You taught me that.

  22. I wrote professionally for the last time in 2004. After 25 years in television I was cynical, burned-out, and had long forgotten the joy and passion that led me to want to be a writer in the first place. Except to sign my name to a check, I didn’t write a single word for five years and never expected to again. In 2009, I discovered blogging and a whole new world of people who, like you, can’t not write. It turns out my passion, though beaten up pretty badly, was still alive and with a lot of nurturing and the permission to express itself however it liked, came roaring back along with the joy I’d been missing for so long. I don’t need a million readers, but I do need some, because if a tree falls in the forest and no one’s around, it really doesn’t make a sound. So happy to have connected with you, Abby.

  23. I was with you up until that “It’s a hobby” thing. After nearly 4 years, I’m still not ready to give up on my plans for world domination. And we’re really only 7,108,674,481 people away from our goal. I still have hope.

    • I know! Secretly I’m stashing away a penny for every comment I receive so that in a couple of years I can buy a $2 Powerball ticket and strike it rich. THEN I’ll be able to blog for a living. 😉

  24. For what it’s worth, I love your blog. Sometimes I save your posts for when I know I’ll need a good laugh later. Even if I had the opportunity to make blogging my full-time job, I could never do that – I need more excitement in my life than my own thoughts in my head!

  25. Yes, this does resonate. And, I do love your Facebook page. The feeling that you always have to be out and connecting does get old and kind of stressful. We all can only do so much. Unless you want to be a one woman marketing team, there’s not much point. Plus, even though there are a gazillion blogs out there, very few of them are worth reading. Yours is definitely one of the blogs to be read. It brings a smile to my face.

    • You know what you’re talking about, so coming from you, that means a lot (blogging bestie, that you are, as much as I hate the word “bestie. You used it first.)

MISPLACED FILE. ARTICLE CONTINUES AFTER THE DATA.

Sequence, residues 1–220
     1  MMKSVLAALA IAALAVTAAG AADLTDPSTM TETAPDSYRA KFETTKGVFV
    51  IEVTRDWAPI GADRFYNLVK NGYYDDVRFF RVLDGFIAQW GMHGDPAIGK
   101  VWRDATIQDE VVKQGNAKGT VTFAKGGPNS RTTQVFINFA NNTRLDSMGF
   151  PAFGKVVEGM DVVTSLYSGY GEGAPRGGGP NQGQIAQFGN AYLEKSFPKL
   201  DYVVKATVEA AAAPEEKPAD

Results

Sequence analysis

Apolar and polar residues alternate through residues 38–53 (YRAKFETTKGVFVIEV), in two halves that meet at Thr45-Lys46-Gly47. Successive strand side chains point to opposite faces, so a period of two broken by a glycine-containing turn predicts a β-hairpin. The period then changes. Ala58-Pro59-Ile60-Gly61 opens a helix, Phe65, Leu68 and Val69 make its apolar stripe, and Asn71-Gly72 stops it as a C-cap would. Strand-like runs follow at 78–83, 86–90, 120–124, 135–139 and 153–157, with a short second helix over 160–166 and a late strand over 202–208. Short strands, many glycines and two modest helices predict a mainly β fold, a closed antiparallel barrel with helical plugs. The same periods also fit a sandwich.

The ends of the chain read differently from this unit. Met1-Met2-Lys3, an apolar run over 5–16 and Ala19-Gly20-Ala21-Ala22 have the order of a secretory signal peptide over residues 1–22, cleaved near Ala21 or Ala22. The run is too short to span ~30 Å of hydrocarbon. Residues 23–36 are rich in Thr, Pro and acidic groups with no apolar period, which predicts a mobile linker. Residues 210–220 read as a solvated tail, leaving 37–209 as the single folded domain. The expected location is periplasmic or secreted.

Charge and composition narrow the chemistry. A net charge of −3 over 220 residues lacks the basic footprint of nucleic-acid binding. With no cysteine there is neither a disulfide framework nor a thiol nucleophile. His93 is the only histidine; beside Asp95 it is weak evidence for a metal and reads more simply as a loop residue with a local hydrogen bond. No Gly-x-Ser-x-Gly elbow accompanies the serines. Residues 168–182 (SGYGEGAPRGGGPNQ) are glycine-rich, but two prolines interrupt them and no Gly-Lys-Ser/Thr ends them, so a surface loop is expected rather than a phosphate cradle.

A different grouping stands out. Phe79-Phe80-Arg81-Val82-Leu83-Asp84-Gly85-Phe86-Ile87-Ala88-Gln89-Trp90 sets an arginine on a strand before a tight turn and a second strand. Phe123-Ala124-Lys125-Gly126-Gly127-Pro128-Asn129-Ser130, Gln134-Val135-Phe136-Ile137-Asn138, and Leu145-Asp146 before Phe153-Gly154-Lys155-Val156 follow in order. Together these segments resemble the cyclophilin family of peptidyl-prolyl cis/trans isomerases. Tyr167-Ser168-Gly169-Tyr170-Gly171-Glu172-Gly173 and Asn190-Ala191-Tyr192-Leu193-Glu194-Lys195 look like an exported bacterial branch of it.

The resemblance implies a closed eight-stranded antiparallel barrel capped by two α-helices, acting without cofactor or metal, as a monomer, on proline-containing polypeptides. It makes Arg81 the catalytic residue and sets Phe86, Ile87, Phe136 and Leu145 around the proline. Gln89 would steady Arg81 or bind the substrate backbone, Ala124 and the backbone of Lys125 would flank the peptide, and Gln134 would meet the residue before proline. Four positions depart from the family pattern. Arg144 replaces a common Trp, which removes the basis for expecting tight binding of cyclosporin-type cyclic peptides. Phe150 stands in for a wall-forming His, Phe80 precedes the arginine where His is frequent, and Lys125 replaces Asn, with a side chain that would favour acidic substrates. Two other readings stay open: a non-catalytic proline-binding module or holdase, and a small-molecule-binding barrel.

26. Such a good post, Abby! We have a lot of similarities in our views on blogging. This line in particular resonated with me: “And to those who say ‘online friends’ aren’t real, I will counter with the fact that if cyber bullying can and does exist, so can cyber connections.” It feels good to find other like-minded people in this world, even if they only exist on computer screens.

    • Exactly. And to segment things a bit more, it’s nice to know like-minded people exist when it comes to certain vegan issues as well. It can feel isolating to be in a place where not many people relate. Thank goodness for the Internet and cyber connections, such as yourself!

  27. Great points, all of which are the reason that I view my blog as a journal of sorts for myself. If I have readers, I’m thrilled and if not, I’m still happy just documenting my own life for my own purposes.

  28. I SO love your blog. And I agree with many points in this post. I’m not interested in blogging for money if I have to promote products all the time instead of just writing what I want; I only follow blogs that I enjoy reading –regardless of whether they have 3000 followers or 3!
    Keep those posts coming, Abby! You’re always a fun read.

  29. Very well put. I love your blog and your page, and I would “like” and “share” your stuff (and I do) and I respect you even more that it’s not EVERY OTHER WORD you type, like some pages. How about we focus on good, FUNNY content just a little more? And the numbers just a little less?

    • Thank you so much! I agree and share the things I really enjoy, regardless of whether the blogger reads my blog or has 1 or 1,000 fans.